Winter heating

Last night was the coldest we’ve had this year, and it tripped my greenhouse temperature alarm. I run about 5000 BTU/h of electric heat in the geodesic greenhouse during the winter. Together with about 2000 BTU/h added to the water tanks, that suffices for most nights and all but the coldest days in our climate. This year I had to strip away the inner plastic lining because it was deteriorating, which has left me with less insulation that normal, so I expect to be using supplemental heating more. Not the most economical way to run it, I’m afraid, but sometimes I don’t have a choice.

I haven’t set up the water heating yet this year, and that is hurting things as well. So last night I fired up the supplemental propane heater. It’s capable of 18,000 BTU/h in three segments, and each segment adds about ~10F differential to the temperature inside the greenhouse versus outside, normally. With less insulation this year I expect it to be less effective, but still hoping it can pull me through our coldest nights. I checked all of the fuel line connections and the venting and fired up each segment for a good, long burn to make sure they burned safely and completely after its long time shutdown since last winter.

Unlike the electric, which is all thermostatically controlled, the supplemental heating is all manual. And that suits me fine. I’m a pessimist when it comes to automated systems. I expect water pumps to clog and cut out, fans to die, and auto shutoff mechanisms to fail. And I don’t trust the propane completely in a location with no one present to monitor it, so I feel better when I have complete control over it. I’d rather forget to handle something and have the greenhouse freeze over, than have it burn down because I wasn’t forced to go out there every time it turned on, off, or fired up another burner.

After the test I walked around inside a bit. The Angel’s Trumpets are still blooming like crazy. Fuschias and some runaway nasturtiums add dashes of bright color here and there. I’ve overwintered the habanero family peppers (heatless, full heat, and ghost chiles) to see how they do through the winter and how they perform in their second year. Everywhere the greenhouse is crammed full of plants, arranged for maximum light exposure while still allowing air circulation and access for watering. It’s a bit of a mess, really, arranged for plants rather than people. And I love it.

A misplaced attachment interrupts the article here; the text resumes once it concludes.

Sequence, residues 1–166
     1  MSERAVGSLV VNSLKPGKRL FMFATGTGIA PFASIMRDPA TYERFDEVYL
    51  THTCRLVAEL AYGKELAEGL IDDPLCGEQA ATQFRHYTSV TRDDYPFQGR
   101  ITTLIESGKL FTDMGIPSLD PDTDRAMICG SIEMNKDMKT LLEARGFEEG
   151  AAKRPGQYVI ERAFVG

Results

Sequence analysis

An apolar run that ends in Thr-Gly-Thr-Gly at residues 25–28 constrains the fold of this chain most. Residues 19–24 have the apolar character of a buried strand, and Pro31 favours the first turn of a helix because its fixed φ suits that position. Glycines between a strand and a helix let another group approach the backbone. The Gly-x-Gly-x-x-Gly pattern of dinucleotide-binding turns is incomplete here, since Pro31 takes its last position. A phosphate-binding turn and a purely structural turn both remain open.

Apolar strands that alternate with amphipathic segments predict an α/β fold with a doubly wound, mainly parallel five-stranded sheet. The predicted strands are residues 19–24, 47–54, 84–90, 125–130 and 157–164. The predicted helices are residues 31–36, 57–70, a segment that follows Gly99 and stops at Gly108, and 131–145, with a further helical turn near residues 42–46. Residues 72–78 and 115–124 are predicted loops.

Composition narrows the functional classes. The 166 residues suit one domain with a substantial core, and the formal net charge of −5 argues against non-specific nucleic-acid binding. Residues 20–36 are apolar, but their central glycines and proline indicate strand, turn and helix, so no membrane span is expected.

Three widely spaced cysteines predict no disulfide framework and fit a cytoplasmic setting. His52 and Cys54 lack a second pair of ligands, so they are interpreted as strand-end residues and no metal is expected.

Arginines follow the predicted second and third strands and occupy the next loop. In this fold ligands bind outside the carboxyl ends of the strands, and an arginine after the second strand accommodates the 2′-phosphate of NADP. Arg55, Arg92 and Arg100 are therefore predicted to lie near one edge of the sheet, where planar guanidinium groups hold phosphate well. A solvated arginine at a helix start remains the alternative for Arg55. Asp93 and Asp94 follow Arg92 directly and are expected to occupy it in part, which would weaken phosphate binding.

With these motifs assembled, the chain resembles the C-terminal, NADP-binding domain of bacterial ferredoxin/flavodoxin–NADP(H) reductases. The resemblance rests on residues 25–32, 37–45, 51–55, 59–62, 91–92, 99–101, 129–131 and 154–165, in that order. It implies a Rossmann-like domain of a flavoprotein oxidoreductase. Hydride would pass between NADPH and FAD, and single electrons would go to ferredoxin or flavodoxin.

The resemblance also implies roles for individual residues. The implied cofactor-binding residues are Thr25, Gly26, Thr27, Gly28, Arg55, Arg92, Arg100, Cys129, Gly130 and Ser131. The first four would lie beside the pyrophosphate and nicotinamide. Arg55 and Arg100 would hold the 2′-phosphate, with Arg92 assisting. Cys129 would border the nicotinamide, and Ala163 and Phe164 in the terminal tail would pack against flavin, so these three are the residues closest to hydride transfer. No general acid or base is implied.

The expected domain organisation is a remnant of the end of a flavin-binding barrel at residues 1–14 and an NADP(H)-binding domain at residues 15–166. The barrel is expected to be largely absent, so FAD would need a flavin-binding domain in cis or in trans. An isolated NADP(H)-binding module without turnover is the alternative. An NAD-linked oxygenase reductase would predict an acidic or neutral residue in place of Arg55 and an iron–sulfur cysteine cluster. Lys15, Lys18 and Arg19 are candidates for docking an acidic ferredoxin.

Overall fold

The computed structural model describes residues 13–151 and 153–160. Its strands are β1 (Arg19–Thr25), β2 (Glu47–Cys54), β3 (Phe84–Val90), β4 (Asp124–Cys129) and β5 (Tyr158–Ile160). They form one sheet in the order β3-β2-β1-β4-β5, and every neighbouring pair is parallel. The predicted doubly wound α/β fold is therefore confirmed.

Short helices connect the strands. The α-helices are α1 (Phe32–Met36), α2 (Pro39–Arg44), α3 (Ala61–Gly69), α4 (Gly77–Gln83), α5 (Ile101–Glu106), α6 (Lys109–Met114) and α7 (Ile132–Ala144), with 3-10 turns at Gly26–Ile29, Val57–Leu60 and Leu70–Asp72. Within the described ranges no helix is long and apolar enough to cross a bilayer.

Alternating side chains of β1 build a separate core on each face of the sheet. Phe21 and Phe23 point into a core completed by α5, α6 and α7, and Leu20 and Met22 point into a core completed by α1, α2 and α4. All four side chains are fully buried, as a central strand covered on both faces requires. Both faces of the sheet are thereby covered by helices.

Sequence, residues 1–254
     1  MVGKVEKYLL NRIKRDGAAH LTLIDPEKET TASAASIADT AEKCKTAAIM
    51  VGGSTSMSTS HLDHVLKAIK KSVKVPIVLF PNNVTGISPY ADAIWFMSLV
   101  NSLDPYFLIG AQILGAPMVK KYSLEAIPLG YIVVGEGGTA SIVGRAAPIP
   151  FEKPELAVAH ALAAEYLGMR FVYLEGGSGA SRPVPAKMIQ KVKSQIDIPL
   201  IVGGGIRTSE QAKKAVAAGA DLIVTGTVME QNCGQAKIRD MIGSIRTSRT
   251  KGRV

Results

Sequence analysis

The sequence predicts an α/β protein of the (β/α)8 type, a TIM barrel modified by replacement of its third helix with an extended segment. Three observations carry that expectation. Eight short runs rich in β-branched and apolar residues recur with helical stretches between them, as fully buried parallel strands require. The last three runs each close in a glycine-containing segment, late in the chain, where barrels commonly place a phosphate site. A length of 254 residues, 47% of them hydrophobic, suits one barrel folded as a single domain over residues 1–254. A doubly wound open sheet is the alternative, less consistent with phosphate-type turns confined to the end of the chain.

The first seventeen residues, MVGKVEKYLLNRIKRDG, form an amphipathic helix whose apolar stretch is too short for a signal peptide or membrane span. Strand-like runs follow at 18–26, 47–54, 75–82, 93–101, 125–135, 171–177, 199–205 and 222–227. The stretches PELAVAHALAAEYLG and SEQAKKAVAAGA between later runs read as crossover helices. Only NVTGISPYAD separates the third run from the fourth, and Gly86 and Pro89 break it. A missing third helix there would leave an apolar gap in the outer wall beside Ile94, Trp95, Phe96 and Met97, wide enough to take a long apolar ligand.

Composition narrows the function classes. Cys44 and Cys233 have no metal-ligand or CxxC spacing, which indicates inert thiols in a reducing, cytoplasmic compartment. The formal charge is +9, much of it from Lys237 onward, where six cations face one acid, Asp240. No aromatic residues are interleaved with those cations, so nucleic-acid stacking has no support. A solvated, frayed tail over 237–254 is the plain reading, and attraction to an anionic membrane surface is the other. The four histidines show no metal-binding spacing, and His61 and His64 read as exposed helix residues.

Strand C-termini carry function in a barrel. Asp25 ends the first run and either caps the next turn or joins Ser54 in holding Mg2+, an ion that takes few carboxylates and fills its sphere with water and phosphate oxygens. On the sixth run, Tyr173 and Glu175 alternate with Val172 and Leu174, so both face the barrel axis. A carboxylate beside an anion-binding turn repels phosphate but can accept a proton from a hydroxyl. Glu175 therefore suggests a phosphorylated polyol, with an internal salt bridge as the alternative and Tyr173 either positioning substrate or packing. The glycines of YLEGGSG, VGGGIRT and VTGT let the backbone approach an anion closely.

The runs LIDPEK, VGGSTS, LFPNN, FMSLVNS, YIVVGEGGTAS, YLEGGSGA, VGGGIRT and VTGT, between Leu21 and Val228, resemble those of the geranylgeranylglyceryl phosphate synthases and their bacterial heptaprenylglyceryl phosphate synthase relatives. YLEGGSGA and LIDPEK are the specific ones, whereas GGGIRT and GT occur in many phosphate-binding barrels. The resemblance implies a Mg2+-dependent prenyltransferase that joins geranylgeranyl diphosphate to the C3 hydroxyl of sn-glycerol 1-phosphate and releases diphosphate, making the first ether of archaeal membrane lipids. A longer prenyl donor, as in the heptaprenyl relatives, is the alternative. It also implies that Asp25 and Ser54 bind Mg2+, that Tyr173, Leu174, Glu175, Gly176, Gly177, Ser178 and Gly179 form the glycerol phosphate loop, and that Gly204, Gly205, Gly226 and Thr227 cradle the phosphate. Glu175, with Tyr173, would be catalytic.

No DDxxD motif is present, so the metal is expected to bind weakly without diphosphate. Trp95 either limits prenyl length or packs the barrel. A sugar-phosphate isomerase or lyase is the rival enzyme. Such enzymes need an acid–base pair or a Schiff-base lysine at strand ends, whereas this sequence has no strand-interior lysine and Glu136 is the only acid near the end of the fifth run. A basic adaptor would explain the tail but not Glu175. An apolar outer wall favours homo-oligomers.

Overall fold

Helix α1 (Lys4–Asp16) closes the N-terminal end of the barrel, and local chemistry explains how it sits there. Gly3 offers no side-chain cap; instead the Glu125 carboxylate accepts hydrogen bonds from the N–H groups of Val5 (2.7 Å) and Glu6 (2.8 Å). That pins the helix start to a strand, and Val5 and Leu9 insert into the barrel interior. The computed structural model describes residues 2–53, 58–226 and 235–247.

Tomato transplanting

tomato seedlings closeupTomatoes germinate for me in 2-10 days, depending on the temperature and freshness of the seed.  It is imperative that they get under lights immediately after they hatch or the stems will quickly become very long.  I use metal halide lamps with a daylight (blue) spectrum, which lets me cover a large area without needing the plants right up against the lamp, and additionally provides heat.  I’ve had better results moving the seedlings outside from metal halide illumination than from flourescent as well.

I usually wait to transplant until I can see the beginning of the second set of leaves.  This generally happens at four weeks from the time of sowing, but really it varies with the variety of tomato and type of leaves as well.  I can get away with this anywhere from 2-6 weeks, after which the seedlings start to deteriorate.

Tomato TransplantsI flood the trays with water about one hour before transplanting which loosens the soil and makes the seedlings easy to pull out.  They are planted in 1801 deep flats and buried as deep as possible without covering the leaves.  I use Promix BX for this, which has given me the best results of anything I’ve tried.  I can hand transplant about one tray every 5 minutes, which still adds up to 12 hours of work for the 72 flats I did this year.

Currently I don’t fertilize, spray or use any chemicals at all on the tomato starts while they’re in the greenhouse.  The inserts and soil are new and reasonably sterile and I’ve never had issues with tomato fungal infections in the six years I’ve been growing large numbers of seedlings at my present location.  I’ve thought about using an organic fertilizer, but really I don’t know what I would want to gain from it.  My plants are strong, vigorous and sturdy at the time they’re ready for sale.

Geodesic Greenhouse

Geodesic dome greenhouseAt some point in the future I’ll probably add more information about it on this website, but for now the construction details on my primary greenhouse are hosted at

It is a 20-22′ (depending how and where you measure it) 3 frequency geodesic dome built with cedar and glazed with heavy duty woven poly plastic. The construction was very rewarding, and after having it for several years I’m sold on the design for greenhouses in our climate. It will show up throughout my future posts.